Atari 1200 Prototype (October 82 Pilot)  

 

 

 

 

 

A300 Project

(Pre-1200 Designs)

 

 

 

 
 

 

 

  

 

 

 

The Atari 1200 Prototype
 



 The Atari 1200 and the finally Atari 1200XL have no real differences except in the label and the casing. The label lacks the XL (eXtended Line) designation and the case is a smooth finish instead of the rough finish on the sold versions of the XL's.    It is one of 250 October 1982 "PILOT RUN" units.

 

The original early designs of the 1200 (which was the Atari 1000 and 1000X and may be connected to a mysterious project called the A300, here below is a case which matches one of the artist renditions done by Regan Cheng on the proposed highly expandable Atari 1200/1000/A300

http://www.atarimuseum.com/computers/concepts/1200/A300-concept1-sketches.jpg

 

 


 For many years the Atari Museum has been tracking down the elusive "vapor" trail of what was the earlier Atari 1200 design (sometimes referred to as the Atari Z800, then as the Sweet-16 and also as the Atari 1000 and 1000X line.)    Finally during some research on the Atari 1400XL for a friend and fellow Atari enthusiast, information was stumbled upon... a lost treasure trove of materials pertaining to the very early designs of the Atari 1200XL called "Elizabeth".

Speaking with numerous Atari engineers, Dave Sovey in particular had informed the Atari Museum of a side by side "Sister Project" of the 1200XL and that there were actually two versions in development.      Several years later Dave's information had been verified when the Atari Museum found a copy of the Atari Sweet-16 Spec's, it was a very early document discussing an Atari 1200XL with much more expansion and capabilities then what eventually came onto dealer shelves in 1983.

The Atari prototypes came with an "X" designation, followed by a revision # and then followed by an A designation (whether A stood for Atari or for an Alpha version is unclear).     As shown in the above Revision Schedule, designs started in 3/26/82 and went into 5/13/82.   What's not shown is the date for revision X8A which was from other documents in early July 1982.  Another interesting note:  No Revision X7A, despite there being a full set of board layout drawings and schematics for it.

 

Interestingly enough, this above photo plot also from July 82 shows revision X10A which was nearly identical to what becomes the production Atari 1200XL motherboard.  Of unusual note is the project appears to have not one, but TWO codenames, apparently this is where the original S-16 (Sweet-16) project takes a fork in its design, rev X8A also says Elizabeth on it, but in a different location...    So far there is no revision X9A, it skips from X8A to X10A and then to final production.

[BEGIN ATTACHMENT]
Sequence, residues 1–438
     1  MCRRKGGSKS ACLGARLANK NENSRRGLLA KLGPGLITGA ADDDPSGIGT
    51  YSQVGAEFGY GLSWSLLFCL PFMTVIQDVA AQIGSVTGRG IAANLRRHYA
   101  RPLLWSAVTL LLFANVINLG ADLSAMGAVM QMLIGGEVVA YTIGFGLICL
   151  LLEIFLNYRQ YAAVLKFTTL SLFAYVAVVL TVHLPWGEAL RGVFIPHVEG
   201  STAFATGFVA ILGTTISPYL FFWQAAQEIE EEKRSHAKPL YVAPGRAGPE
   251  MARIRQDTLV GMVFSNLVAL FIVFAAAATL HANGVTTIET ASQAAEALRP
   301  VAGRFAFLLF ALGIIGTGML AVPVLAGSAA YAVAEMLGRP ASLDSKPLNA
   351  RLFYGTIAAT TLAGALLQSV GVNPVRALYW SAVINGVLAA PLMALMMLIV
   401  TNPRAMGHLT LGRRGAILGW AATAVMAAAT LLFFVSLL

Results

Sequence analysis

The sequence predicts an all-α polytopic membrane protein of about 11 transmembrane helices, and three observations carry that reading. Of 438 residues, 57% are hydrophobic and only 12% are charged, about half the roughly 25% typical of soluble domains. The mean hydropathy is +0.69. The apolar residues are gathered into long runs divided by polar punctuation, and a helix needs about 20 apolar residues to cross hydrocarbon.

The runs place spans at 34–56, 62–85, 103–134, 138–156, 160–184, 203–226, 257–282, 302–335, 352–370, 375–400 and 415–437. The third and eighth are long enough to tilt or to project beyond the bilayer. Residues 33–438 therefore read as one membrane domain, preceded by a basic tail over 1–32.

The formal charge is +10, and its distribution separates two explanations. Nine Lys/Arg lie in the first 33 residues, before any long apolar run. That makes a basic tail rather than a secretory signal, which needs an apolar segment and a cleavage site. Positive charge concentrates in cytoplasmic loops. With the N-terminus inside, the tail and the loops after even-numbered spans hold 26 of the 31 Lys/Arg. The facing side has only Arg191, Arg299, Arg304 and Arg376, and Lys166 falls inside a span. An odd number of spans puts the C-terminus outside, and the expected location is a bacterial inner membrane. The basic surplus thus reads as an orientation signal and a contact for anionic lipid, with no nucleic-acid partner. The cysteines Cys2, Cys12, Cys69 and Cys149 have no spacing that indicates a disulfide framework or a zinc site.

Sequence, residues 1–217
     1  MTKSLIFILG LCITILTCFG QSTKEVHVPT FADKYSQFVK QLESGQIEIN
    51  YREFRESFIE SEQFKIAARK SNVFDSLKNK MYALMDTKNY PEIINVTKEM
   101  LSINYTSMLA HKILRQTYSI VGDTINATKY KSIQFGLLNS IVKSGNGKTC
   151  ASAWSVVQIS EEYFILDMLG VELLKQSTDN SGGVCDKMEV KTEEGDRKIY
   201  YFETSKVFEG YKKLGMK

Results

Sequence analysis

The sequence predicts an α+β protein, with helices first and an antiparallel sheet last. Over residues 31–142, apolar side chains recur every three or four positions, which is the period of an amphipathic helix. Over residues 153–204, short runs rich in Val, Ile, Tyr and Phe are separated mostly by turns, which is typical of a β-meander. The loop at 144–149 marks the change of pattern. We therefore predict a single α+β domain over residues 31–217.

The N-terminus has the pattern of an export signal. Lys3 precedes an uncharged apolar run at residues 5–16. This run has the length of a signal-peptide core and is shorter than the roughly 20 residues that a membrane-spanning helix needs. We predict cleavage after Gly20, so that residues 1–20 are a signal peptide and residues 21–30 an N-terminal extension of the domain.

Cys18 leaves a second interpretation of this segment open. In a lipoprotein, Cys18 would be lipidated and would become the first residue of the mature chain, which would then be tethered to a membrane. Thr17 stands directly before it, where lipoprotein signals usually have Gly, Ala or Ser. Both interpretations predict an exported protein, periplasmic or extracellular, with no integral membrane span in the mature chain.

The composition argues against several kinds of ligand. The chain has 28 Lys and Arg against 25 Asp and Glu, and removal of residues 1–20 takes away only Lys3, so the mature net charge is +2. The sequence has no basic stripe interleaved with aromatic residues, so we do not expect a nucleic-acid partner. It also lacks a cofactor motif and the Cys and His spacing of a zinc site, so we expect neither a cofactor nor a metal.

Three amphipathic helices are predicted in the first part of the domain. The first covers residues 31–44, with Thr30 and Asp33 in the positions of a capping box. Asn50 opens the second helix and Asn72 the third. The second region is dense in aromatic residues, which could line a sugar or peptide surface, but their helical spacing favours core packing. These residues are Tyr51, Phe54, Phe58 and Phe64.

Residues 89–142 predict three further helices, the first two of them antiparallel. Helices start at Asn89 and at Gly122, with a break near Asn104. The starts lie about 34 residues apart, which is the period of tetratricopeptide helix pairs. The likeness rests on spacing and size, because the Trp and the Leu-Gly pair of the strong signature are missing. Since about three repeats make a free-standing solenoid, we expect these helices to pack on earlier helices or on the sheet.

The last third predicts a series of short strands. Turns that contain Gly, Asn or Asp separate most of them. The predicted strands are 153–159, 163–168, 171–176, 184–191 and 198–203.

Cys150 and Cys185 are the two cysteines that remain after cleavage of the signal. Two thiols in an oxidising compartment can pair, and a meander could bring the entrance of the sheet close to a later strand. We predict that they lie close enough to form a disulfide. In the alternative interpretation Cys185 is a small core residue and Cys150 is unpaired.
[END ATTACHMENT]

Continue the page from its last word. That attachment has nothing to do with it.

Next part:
This is the actual PCB layout of the revision X8A PCB for the Atari "Sweet-16".      This is where things get interesting.    Click on the above image to examine it more closely...    Note that the layout is entirely different from the production 1200XL computers.     Take particular note of the upper right corner of this PCB design - there is a 50 Pin header footprint and the traces all lead to the major IC's on the board which means this was the very first PBI (Parallel Bus Interface) which appears to have been meant as an internal device interface versus the later XL designs which brought the PBI directly out of the system to an Edge Connector.

Next thing to note is the Upper Center edge of the PCB, note the 2 DB-15 footprints versus an Atari SIO footprint.   This directly correlates with the early Atari Sweet-16 spec's document detailing the inclusion of 2 15 pin connectors to replace the original SIO and would allow for peripherals to automatically power up when the system powered up.

The departure from the X1A-X8A design to suddenly a radically different X10A design that appears at the same timeframe in July 1982 means that there must've been a side by side "Sister Project" of the Atari 1000 series being built and it moved into place to become the production machine leading to a disaster product launch for a system with plenty of sexy looks, but nothing under the hood, so to speak.

***Final Thoughts***

Several things we have to take away from the original 1200XL with the expansion header are this:

  • Every revision of the new 1200XL OS - Revision 10 (which was the replacement for the Atari 400/800 OS Revision B, never had any support for handling Parallel Devices.  Revision 11, which came out in the last several months of the Atari 1200XL production run (Jan 1983 to end of June 1983) also had no support for Parallel device handling.

  • We would have to assume the Expansion header was just buss line connections with no intelligent management of any devices connected to it.  So this could end up limiting its expansion capabilities similar to how the 800 even it if had more than one "Slot 3" would've had difficulty handling more than one expansion device board.

  • Atari's RF/EMI engineer noted that the X8A and earlier was very noisy.  So this too could lend to why the header is removed from the design.  

  • The 1200XL may have simply been a stop-gap release product and then 3 months after its release the more formalized designs of the "Surely" - the 600XL and the replacement for the 1200XL - the "Surley Plus" - the 800XL would now have all of the Parallel Device support and the design for an external Expansion System is also created.

 

The Atari Museum is currently investigating the possibility of having a PCB design firm that still works with physical Padmaster films to reproduce actual samples of the X8A revision motherboard, the real "Sweet-16" computer system to allow for further study and examination.

 

 

Are you a former Atari engineer?  Did you work on the Z800/1200/S16/S64/1000/1000x Project?   Do you have direct knowledge and/or information on this project?   If so, please contact the Atari Museum:   CLICK HERE